By Leo Paik Administrator From: Westminster, Colorado Apr 16, 2003
Dear AC, sorry it was not clearer. This area is still upstream from both the more-travelled Lost Flatiron & Sherwood Forest. Close though. Probably the next big pullout for cars upstream from Sherwood. You can see Truth or Consequences from this pullout. It is probably just a touch upstream from Bihedral. Wee bit more obscure.
I was there today. The creator was there; he gave us the 2 minute tour. Most of the climbs were 50 to 80 feet long. It was shady and busy. I found it a bit confusing since climbs are close, but nothing is desperate, so it didn't make much difference. Every route I did had some good moves and I had a lot of fun. (Everyone there was having fun.) Maybe we should get the names listed, so it's less confusing? The longest route there was a right-trending trad route starting just rt of the 3rd bolted line from the left, in a rt-facing dihedral.
Maybe we could drop the Unknown from all the routes? It is a little confusing. Even if we are not 100% on the names, anything is better than Unknown.... Bummer about the retro-bolts, but aside from that, it's not a bad crag. Maybe a few too many anchors, seems like some could be shared.... But I do appreciate the hooks. Thanks for that... makes cleaning a snap.
Amen Ed- I have been to this crag 3 times this year and had a blast each time. It is nice to have another summer crag like this one that is easy to get to and has many moderates for my son and his friends!!! Thanks to whomever the so called "energized bolters" are as I know that you put in a ton of hard work on this once was mossy and chossy pile o'doody. Cheers-Pat and Family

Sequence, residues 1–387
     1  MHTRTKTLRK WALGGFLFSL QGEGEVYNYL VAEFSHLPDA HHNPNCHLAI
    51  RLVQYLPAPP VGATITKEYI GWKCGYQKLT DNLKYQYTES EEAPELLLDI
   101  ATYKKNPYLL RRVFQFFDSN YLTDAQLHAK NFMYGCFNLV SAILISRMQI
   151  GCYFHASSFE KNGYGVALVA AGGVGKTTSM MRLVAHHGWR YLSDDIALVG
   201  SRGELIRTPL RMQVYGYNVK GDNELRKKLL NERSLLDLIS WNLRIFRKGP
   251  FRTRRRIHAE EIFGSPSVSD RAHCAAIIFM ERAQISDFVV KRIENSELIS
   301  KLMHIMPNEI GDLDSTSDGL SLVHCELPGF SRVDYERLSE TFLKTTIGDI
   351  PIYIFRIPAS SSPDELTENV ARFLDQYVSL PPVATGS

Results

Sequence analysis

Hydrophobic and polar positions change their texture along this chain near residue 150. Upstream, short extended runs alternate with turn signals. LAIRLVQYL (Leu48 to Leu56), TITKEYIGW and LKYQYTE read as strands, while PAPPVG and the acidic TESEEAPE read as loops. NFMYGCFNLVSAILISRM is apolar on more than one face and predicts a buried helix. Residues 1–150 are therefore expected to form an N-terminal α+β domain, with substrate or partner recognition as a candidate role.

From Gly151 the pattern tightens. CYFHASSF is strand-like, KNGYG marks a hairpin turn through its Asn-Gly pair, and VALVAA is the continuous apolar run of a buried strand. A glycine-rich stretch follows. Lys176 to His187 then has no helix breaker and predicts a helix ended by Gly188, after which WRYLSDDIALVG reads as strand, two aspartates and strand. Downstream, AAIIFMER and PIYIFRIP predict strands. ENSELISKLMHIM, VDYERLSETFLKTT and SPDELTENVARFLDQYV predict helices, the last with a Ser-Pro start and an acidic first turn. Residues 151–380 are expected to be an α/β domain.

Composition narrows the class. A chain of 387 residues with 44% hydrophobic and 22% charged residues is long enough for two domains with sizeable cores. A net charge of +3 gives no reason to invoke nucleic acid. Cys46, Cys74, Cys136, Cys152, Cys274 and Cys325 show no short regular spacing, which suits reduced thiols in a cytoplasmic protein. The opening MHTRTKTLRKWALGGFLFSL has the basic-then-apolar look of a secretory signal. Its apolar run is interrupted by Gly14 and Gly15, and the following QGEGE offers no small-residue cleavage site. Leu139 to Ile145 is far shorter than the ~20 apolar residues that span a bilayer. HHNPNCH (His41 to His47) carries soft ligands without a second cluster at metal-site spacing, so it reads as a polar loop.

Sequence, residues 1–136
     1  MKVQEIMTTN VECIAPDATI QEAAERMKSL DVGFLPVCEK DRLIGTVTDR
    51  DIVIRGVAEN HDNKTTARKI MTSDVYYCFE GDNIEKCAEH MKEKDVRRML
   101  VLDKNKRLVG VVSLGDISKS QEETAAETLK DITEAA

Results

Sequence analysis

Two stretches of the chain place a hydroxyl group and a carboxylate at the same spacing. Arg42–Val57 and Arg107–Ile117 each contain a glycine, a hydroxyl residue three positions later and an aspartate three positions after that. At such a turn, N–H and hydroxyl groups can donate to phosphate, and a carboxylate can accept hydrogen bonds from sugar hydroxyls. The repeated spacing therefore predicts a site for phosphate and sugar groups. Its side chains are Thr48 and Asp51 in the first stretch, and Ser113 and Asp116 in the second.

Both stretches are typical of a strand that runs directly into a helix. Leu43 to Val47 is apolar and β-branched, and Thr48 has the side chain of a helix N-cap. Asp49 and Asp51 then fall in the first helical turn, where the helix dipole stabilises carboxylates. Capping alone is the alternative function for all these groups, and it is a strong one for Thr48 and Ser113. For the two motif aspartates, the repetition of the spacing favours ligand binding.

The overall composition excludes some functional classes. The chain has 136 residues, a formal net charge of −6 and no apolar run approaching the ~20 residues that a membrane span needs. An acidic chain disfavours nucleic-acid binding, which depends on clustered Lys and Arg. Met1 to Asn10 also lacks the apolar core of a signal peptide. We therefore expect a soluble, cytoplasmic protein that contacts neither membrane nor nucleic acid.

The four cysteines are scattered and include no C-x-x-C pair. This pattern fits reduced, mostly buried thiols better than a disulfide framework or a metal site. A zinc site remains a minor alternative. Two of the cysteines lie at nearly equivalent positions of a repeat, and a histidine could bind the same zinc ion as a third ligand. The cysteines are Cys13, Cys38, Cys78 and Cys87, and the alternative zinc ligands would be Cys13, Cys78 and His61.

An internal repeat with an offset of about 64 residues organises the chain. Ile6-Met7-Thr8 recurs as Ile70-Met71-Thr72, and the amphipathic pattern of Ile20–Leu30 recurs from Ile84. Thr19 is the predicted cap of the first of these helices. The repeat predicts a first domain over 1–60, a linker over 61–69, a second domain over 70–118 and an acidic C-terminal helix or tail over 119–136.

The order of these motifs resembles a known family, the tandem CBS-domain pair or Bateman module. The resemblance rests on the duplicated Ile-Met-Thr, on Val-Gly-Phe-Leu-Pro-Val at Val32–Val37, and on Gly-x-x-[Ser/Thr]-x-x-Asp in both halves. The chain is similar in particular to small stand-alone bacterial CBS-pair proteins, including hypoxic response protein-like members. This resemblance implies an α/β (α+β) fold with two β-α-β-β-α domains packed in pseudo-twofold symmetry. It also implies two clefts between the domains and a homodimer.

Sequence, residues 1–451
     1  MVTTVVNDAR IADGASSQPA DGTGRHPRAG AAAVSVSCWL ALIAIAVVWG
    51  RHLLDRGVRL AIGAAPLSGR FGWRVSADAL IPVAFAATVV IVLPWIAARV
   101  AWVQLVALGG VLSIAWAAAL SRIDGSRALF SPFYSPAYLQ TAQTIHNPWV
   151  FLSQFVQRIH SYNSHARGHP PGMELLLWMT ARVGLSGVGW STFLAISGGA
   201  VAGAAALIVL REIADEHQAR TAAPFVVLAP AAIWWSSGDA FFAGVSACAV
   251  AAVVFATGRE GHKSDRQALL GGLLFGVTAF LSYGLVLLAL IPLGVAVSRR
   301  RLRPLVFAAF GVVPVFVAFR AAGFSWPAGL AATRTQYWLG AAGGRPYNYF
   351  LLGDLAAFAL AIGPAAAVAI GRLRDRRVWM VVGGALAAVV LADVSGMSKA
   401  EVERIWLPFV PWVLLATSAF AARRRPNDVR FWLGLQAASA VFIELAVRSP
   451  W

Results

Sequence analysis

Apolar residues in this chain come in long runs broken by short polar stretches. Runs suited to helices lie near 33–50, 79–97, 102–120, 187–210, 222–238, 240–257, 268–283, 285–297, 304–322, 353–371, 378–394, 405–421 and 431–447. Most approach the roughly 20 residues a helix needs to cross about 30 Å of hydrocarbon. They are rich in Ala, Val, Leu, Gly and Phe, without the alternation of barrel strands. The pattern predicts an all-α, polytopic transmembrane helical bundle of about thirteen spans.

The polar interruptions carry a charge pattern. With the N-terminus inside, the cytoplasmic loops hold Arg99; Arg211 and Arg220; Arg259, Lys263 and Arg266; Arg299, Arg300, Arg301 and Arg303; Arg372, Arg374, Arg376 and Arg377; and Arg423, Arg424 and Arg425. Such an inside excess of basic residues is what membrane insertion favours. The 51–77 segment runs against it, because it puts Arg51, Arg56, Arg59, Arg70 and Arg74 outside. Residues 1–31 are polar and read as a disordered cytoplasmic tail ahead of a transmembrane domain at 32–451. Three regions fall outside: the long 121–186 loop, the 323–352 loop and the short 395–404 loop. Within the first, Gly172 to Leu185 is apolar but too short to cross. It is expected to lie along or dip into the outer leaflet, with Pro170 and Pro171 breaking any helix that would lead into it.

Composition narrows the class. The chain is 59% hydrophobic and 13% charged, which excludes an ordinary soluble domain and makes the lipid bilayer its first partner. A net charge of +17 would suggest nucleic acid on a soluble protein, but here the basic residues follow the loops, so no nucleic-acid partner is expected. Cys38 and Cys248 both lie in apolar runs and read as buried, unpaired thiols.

Nice crag; good rock; fun and shady. Better than I expected after the negative vibes and retrobolting complaints in the description. Ok, some of the lines are close together and initially hard to read which route is which. And there are a few stray bolts that don't make much sense. But the "retrobolting" I saw was largely protecting face climbing that otherwise would be unprotected runout in the trad routes.
The broken Tyrolean "treestand" is laying on the ground now, which makes the landing consist of 2 limbs (one broken) and 2 ropes. While it isn't a big deal going into the crag, the return trip might be a little sketchy for a non-climber type. Something to keep in mind if you plan on going to this nice "beginner" crag.
I would be willing to help someone figure out a way to get a platform back out there as this traverse serves a couple great crags.
Although the tree stand is still "broken", the climb down is simple: there is a rope there and still two good 'step limbs'. We hauled a dog over there today and easily passed/lowered her. Decent climbs, good texture on the rock, most cruxes seem to have "tricky" feet.
We were here during all day on a Monday and didn't see anyone else. The routes were great. It can be a little hard to get your bearings, because it is pretty much just one long wall, so there aren't many features to use to find routes. The traverse over is fun, but it is a little exciting getting out/in the tree.
The "Unknown" preceding the names of all of these routes is silly at this point and should be removed. It makes sorting them out difficult, particularly on the mobile app (where the full names aren't displayed until you click on them individually).